MCALLEN, Texas – Border patrol agents say they are alarmed by the growing number of migrants illegally crossing the border with children – who are not their own – to avoid long-term federal custody.
Deputy Chief Patrol Agent Raul Ortiz said he’s seeing a growing number of migrant children crossing the border with people pretending to be their parents.
A decades-old settlement, known as the “Flores agreement,” limits the amount of time U.S. officials can detain immigrant children – thus doing the same for their parents, which Ortiz said motivates many of the false relationships.
The problem became so prevalent that the agency began carefully tracking fraudulent family cases in the Rio Grande Valley, after agents noticed a heightened use of fake documents. In fiscal year 2018, Ortiz reported 600 instances.
Recently, border patrol agents rescued a 4-month-old Honduran child from a man falsely identifying himself as her father. In an interview with officials, he admitted purchasing the fraudulent document. Agents later discovered it wasn’t the illegal immigrant’s first time using a child to avoid long-term federal custody. In 2013, records revealed he smuggled an 8-year-old child across the border, claiming he was the father. They were released from federal custody because they received a family unit designation.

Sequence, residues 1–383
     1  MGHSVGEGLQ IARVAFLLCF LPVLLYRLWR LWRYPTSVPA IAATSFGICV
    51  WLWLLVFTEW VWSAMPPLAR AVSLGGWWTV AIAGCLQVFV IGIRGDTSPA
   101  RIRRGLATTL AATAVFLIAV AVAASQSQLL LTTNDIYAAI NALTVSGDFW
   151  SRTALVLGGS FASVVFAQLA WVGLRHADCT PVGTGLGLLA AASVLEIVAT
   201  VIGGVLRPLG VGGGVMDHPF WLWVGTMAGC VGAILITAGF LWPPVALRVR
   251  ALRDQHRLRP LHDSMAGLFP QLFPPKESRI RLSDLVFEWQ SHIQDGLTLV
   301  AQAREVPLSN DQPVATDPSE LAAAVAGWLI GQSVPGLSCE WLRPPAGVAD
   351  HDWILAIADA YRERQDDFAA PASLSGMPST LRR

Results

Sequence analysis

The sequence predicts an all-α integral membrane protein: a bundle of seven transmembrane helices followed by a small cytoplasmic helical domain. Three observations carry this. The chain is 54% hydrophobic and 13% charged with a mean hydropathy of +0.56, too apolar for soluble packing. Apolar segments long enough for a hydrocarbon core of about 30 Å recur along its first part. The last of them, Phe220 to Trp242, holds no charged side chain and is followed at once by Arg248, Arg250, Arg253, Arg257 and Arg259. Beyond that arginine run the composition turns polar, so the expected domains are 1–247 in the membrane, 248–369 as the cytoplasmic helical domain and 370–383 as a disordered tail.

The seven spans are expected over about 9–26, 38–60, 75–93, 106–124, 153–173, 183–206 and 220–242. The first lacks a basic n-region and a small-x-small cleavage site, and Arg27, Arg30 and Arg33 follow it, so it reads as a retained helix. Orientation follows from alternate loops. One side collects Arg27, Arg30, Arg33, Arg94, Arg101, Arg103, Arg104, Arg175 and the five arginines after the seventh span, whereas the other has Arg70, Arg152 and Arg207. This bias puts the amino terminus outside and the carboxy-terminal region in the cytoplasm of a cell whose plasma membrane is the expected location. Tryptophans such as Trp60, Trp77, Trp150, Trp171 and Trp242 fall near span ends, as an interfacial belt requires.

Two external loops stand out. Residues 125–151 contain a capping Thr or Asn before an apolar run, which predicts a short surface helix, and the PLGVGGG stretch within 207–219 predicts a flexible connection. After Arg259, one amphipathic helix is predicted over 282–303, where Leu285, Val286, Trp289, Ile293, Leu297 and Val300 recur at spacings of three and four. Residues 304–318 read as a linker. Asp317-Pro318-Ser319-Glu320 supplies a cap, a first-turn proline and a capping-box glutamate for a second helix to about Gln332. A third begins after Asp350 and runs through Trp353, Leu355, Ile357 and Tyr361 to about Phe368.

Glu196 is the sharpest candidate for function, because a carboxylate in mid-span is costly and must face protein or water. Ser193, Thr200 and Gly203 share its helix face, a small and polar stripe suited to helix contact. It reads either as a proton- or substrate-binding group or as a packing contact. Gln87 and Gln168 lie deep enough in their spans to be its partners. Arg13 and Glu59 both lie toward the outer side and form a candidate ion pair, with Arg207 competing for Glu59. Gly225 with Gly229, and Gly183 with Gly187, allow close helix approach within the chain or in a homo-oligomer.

Ortiz called cases like this heart-breaking, putting young and vulnerable children at risk.
“We really are concerned, especially for those tender-age children because quite often they can’t communicate that they’re not with a family member,” he said.
He said during long and dangerous treks toward the U.S. border, which can span several weeks, agents worry about the kind of abuses these children may face.
“At no point should a child be placed in any harm or danger, and that’s exactly what’s happening,” Ortiz added. “They’re being used as a commodity to circumvent a loophole.”
On Thursday, officials revealed that in seven of 102 cases involving children under 5 separated from their guardians, the adult was determined not to actually be the parent.
But the exact circumstances surrounding each case are unclear.
The Trump administration announced Thursday the reunification of all eligible children under 5 after missing the initial court-ordered deadline earlier in the week.
This comes after a federal judge sided with the American Civil Liberties Union on Tuesday to speed up the reunification process by, among other things, skipping DNA tests for many children.
Some of the border patrol agents with the Rio Grande Valley sector expressed some concern over the ruling, saying it could present a risk to security if limitations on DNA tests expand.
But immigration advocates argue that these children call for special circumstances.
“The court could not have been clearer that business as usual is not acceptable,” Lee Gelernt of the ACLU said in a statement. “The Trump administration must get these children and parents reunited.”